The Biggest Lost Colony Of Roanoke Theories: What Really Happened?

In August 1587, a group of just over 100 English colonists founded a small settlement on Roanoke Island off the coast of modern-day North Carolina, according to History. That year, one of the settlers sailed back to England to gather more supplies. When he returned to Roanoke, three years later — he had been delayed due to a naval war between Spain and England — he found the settlement abandoned. The only clue he found to the disappearance of the colonists was a word carved into a wooden post — "Croatoan" — and another three letters, "CRO," carved on nearby trees.

You may have heard this story in history class, but what actually happened to the settlers, and what did that word mean? Though some explanations are more plausible than others, this mystery still has no definitive answer. Historians believe that the settlers likely interacted with a nearby Native American tribe, according to Britannica, but beyond that evidence, the ultimate fate of the colonists isn't clear, and may never be settled.

Croatoan: One word, two meanings

To the colonists of Roanoke Island, the word "Croatoan" would have likely referred to a nearby indigenous tribe, the Croatoan people, with whom the colonists had cordial relations. It also was the name of the island they lived on, which is today known as Hatteras Island (via History). This has led to the most common theory about where the colonists went — to live alongside the Native Americans on Hatteras Island.

The scant archeological evidence that exists may support this theory. A 1709 log by an Englishman told of Indigenous Carolinians who could read English, according to The New York Times, though the accuracy of this account is debated. Other accounts by early settlers spoke of blonde, blue-eyed Native Americans in the area, or of indigenous tribes that claimed to have white ancestors, according to the website History Collection. European tools from the late 16th century, such as a rapier hilt and a slate writing tablet, were found on Hatteras Island.

Most intriguing of all, Roanoke Island had not been quickly abandoned, and there was no sign of violence in the deserted village. The buildings had all been taken down intentionally, and the symbol the colonists were supposed to carve if they had to flee in distress — a Maltese cross — was nowhere to be seen.

Site X and confessed murders

But Native Americans taking in over a hundred Europeans would have been difficult, some scientists argue. "If experience is any guide, the adoption of Europeans into an Indigenous community would have been quite limited," said Dennis Blanton, an archeologist at James Madison University, to The New York Times. This has led some experts to speculate that the settlers actually split up, with some heading for Hatteras Island and others heading for a different, inland location, known as Site X. These colonists may have also been taken in by local tribes.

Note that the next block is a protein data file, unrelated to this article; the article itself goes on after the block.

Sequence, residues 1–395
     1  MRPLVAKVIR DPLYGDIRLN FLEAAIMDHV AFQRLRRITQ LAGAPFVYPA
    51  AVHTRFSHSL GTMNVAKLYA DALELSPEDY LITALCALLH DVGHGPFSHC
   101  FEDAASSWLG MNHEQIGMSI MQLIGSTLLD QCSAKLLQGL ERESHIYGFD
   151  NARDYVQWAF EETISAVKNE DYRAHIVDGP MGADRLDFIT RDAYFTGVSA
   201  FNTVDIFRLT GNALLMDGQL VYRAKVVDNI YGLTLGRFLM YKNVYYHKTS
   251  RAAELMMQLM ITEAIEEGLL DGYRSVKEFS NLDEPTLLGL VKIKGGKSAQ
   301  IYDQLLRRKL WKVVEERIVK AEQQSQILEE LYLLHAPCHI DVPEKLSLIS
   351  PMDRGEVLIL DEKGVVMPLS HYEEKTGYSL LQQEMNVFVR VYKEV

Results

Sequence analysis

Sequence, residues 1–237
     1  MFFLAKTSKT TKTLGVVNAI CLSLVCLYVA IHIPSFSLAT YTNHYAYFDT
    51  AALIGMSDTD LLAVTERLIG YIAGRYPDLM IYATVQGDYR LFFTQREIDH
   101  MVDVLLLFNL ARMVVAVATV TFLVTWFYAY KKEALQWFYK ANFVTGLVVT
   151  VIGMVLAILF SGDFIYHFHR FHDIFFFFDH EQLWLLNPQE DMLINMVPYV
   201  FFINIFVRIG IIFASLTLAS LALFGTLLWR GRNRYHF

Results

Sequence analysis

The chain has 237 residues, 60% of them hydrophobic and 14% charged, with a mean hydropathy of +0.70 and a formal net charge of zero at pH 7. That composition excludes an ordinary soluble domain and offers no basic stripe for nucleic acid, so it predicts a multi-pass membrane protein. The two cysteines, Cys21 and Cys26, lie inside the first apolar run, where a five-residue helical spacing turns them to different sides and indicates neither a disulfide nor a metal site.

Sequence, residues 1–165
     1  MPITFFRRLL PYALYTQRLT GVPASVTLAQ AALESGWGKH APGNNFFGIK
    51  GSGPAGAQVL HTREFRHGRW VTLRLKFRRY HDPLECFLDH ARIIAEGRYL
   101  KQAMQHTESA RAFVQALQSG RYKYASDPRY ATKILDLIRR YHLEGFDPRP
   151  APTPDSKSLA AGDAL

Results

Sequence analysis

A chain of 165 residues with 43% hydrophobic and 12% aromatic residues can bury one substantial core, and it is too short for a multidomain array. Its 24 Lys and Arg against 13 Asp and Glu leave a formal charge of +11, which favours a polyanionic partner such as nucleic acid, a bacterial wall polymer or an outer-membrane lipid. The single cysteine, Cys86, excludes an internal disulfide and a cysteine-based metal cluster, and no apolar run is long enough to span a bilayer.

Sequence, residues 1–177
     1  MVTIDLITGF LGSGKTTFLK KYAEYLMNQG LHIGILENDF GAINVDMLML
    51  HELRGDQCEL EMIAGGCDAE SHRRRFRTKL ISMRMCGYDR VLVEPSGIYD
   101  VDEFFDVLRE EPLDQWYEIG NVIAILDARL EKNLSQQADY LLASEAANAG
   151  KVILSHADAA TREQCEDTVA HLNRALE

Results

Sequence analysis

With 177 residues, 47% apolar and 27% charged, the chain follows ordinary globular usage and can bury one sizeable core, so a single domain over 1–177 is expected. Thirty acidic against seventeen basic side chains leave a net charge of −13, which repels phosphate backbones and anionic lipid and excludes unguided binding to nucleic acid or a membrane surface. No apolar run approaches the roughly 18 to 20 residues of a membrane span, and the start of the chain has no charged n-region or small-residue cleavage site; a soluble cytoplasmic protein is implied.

However, DNA testing of Native Americans indigenous in both areas has thus far not revealed any hidden Roanoke ancestors (via History Collection). This may point to a more tragic end for the colonists. According to Captain John Smith, the famous early settler of Jamestown in Virginia, Powhatan, a Native American leader in the area, said he killed the Roanoke colonists, who he claimed had been living with a rival tribe at the time.

The supernatural theories: wendigos, witches, and the white doe

As you'd expect, there have been spookier explanations for the disappearances as well. Needless to say, these theories are generally light on evidence. Some have blamed the disappearances on the wendigo, a kind of Native American monster with an insatiable hunger for human flesh. Though some fringe theories suggest that the colonists succumbed to starvation and cannibalism — such a fate befell some later colonists in Jamestown, Virginia — this would have been an ordinary tragedy, rather than a supernatural one (via National Geographic).

The anthology horror series "American Horror Story" posited that one of the settlers turned on the other colonists and massacred them at the bidding of a witch — a plot based on no historical evidence whatsoever (via CBR). But fanciful depictions of the colonists' fate have been common in American fiction for a long time. A poem written by Sallie Southall Cotten in 1901 spun the tale that Virginia Dare, a child among the settlers and possibly the first English person born in the Americas, was in her adulthood engaged to a Native American when a jealous witch turned her into a deer (via NCPedia). According to the poem, Virginia wanders the woods as a white doe to this day.